"Drown" - Second favorite song, but only by a tiny bit (this was a contender for #1 favorite). The lyrics of this one are like "Begin," saying that God is the only thing that can truly save us from sinking too deep into this world and that we need Him to pull us back up.
"In Repose" - It isn't always true that the last track on a record is a good one. In my experience, a lot of CDs aren't as good once you've gotten about half-way through them. Not this one, though. Like some of my other favorite bands (e.g., Falling Up, Skillet, RED, etc.), the last track just leaves me wanting more. A great power ballad, this song ends this project well and I hope Kisselburgh is working on more.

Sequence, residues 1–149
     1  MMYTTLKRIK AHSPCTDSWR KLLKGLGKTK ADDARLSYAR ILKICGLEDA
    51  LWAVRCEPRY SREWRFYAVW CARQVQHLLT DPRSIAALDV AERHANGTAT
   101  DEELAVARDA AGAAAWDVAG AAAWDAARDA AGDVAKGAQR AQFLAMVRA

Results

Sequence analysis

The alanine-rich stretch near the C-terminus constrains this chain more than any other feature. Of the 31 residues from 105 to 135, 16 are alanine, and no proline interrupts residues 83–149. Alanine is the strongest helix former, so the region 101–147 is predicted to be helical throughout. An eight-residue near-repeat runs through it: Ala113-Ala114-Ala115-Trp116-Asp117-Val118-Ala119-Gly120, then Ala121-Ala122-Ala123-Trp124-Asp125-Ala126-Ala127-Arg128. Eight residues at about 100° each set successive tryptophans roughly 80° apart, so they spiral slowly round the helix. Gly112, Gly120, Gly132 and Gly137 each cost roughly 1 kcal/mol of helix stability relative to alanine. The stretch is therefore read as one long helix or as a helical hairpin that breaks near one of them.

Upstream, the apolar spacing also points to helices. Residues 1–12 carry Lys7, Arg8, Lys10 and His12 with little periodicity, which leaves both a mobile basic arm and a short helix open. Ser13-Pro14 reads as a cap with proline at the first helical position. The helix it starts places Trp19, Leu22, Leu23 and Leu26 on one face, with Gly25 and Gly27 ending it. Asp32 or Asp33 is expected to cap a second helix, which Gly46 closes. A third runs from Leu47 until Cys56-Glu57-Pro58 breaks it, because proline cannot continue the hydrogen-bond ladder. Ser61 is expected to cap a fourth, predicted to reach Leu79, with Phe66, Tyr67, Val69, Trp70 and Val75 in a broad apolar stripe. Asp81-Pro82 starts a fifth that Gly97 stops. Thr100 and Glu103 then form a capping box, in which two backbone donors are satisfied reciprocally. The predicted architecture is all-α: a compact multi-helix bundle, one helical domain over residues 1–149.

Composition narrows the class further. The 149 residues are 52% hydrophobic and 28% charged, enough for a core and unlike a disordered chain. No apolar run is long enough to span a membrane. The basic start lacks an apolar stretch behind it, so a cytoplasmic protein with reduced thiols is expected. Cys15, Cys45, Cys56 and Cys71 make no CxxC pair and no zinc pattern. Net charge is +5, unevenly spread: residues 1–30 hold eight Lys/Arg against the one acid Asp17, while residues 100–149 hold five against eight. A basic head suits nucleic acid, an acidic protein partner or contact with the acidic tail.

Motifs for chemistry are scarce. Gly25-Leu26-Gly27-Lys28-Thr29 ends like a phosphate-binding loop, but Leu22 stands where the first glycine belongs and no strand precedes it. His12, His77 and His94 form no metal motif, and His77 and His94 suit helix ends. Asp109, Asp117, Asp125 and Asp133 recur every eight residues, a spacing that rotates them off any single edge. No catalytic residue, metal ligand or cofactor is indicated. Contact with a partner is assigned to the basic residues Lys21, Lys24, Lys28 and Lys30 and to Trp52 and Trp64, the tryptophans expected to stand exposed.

Overall, every song on this album is worth listening to, especially if you're into Christian Rock/Pop with heavy God-centered lyrics. This is a great album that I listen to constantly on my iPod.
on November 21, 2007
A little while ago, former guitarist Joseph Kisselburgh left his previous band Falling Up. He felt led to pursue his dreams of becoming a solo artist and sharing his thoughts and passions with the world around him. That dream has become a reality, and Joe and his new band, The Send, are set to debut with their release, Cosmos.